Unmasking Rwanda’s detractors would allow truth to prevail

Editor, Reference is made to Junior Sabena Mutabazi’s article, “Hands off our generation: the only way is up” (The New Times, July 17). Spot on, I must say.
A section of youthful participants during a past liberation anniversary event, part of the kwibuka20 conversations. File.
A section of youthful participants during a past liberation anniversary event, part of the kwibuka20 conversations. File.

Editor,

Reference is made to Junior Sabena Mutabazi’s article, “Hands off our generation: the only way is up” (The New Times, July 17). Spot on, I must say.

Naturally, Rwanda’s democratic and justice systems can be further developed. And the same goes not only for countries that we usually think of when discussing progress in the rule of law (in Asia, Southern America, Eastern Europe), but even for those that have established democratic systems for hundreds of years (USA, Western Europe).

That’s because having credible democratic and justice institutions is one thing (and Rwanda has them), but applying laws correctly and consistently, is a continuous exercise for all countries, regardless of how modern and progressive they are.

As a matter of fact, in the last decade and a half, terrorism and the new kind of world threats have put democratic systems to the “stress test” in the most developed nations. And some of the results were mixed, to say the least.

So of course, there’s always room for progress and Rwanda is no exception to that rule. However, more to the point of the article, what is important is not to confuse genuine appeals for improvement and progress in applications of laws etc., and agenda-driven ones.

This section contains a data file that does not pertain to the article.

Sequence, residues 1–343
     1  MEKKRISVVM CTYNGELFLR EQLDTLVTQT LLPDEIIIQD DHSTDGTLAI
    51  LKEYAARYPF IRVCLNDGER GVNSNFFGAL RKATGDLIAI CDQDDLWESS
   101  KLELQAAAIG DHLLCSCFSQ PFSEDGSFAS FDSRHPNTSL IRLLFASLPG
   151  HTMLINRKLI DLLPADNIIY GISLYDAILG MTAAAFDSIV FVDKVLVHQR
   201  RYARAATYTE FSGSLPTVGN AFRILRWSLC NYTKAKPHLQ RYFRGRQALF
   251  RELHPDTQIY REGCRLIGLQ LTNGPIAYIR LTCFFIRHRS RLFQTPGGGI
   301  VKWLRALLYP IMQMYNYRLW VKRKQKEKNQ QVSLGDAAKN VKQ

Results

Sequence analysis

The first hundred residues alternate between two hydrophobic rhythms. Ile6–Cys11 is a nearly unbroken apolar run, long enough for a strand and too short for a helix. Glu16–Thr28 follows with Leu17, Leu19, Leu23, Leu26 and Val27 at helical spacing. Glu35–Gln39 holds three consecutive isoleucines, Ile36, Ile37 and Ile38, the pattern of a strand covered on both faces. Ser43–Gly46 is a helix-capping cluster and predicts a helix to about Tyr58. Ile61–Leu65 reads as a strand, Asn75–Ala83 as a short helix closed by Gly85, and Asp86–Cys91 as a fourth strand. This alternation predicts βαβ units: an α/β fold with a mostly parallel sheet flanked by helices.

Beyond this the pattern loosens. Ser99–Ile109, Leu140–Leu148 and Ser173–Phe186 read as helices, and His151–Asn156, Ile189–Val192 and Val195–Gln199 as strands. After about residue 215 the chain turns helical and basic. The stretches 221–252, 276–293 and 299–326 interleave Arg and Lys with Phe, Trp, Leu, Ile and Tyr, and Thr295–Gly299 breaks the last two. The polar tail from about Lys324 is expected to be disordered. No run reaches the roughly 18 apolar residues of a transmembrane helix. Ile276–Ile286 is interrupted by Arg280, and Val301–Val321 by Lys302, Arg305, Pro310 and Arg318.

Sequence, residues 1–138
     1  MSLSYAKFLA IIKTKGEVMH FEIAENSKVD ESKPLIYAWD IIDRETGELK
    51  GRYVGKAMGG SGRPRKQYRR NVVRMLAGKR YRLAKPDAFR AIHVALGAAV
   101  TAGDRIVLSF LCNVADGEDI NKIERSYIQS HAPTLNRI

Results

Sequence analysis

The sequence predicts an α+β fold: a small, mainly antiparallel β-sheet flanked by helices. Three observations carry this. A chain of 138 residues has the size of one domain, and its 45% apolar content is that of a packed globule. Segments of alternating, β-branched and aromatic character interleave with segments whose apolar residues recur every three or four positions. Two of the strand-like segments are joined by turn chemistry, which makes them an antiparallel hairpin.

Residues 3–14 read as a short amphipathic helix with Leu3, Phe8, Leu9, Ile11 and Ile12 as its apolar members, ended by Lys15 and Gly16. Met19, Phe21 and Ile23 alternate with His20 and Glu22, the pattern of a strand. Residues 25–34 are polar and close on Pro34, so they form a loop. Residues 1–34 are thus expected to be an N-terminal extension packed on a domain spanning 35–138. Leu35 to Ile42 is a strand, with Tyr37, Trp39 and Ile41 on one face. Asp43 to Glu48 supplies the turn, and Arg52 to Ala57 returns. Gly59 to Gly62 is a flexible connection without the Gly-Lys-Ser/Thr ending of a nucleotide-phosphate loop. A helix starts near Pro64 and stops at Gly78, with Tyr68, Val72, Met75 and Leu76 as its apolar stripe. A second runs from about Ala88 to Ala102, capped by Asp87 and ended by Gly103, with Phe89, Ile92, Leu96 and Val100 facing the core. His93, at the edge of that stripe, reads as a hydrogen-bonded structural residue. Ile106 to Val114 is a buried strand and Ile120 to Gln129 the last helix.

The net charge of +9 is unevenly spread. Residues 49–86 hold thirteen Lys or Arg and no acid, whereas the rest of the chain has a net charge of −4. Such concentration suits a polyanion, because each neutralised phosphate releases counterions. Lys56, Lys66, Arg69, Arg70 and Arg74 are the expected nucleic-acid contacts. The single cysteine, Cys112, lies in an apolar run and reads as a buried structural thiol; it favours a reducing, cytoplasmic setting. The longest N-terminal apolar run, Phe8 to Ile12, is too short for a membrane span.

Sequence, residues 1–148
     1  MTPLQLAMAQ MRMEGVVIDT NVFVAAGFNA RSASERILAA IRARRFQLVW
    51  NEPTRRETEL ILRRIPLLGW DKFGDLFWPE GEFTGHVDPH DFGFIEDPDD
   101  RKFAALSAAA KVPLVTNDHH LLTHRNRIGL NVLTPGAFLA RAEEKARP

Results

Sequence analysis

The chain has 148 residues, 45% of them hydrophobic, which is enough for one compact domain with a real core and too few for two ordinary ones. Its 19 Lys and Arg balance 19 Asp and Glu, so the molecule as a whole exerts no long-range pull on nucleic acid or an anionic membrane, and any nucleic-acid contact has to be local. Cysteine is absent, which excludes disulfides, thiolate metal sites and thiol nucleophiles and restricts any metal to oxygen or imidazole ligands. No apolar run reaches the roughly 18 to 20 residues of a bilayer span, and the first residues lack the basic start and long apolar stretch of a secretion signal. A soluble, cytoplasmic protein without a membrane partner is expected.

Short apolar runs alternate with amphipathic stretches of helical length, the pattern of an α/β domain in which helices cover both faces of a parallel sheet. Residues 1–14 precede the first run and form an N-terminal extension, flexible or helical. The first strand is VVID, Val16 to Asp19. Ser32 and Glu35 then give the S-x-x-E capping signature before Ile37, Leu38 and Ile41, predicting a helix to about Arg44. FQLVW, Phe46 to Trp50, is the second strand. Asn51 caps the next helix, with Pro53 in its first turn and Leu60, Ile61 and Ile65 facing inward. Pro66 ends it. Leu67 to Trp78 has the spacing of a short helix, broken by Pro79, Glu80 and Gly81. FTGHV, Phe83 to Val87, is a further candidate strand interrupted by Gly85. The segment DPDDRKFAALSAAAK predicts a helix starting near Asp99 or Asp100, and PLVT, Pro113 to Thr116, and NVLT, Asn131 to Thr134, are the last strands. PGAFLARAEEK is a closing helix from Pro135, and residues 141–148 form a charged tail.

Appeals that come in the form of calls for “dialogue about the problems Rwanda faces” actually mean “join us in opposing current Rwandan leaders and politics”.

Granted, the internet video appeal mentioned conceals its intentions poorly, but as wisely said, not everyone is aware of a few groups’ on-going efforts to discredit Rwanda.

Therefore, to write and sensitise readers or web-surfers about the devious nature of these tactics, is a good decision.

Diyana, Rwanda

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I agree with this article; many things were realised in Rwanda for a good future for Rwandans, especially the youth. Youth have to add their work at this and continuing to dream bigger; it is important to know that all this comes with hard work and patience. Good and refined accomplishments need time.

We should encourage the youth to listen to their leaders and bring their constructive ideas to bear to continue the path of building a democratic nation where peace and freedom prevail.

Benjamin Nshimiyimana, France

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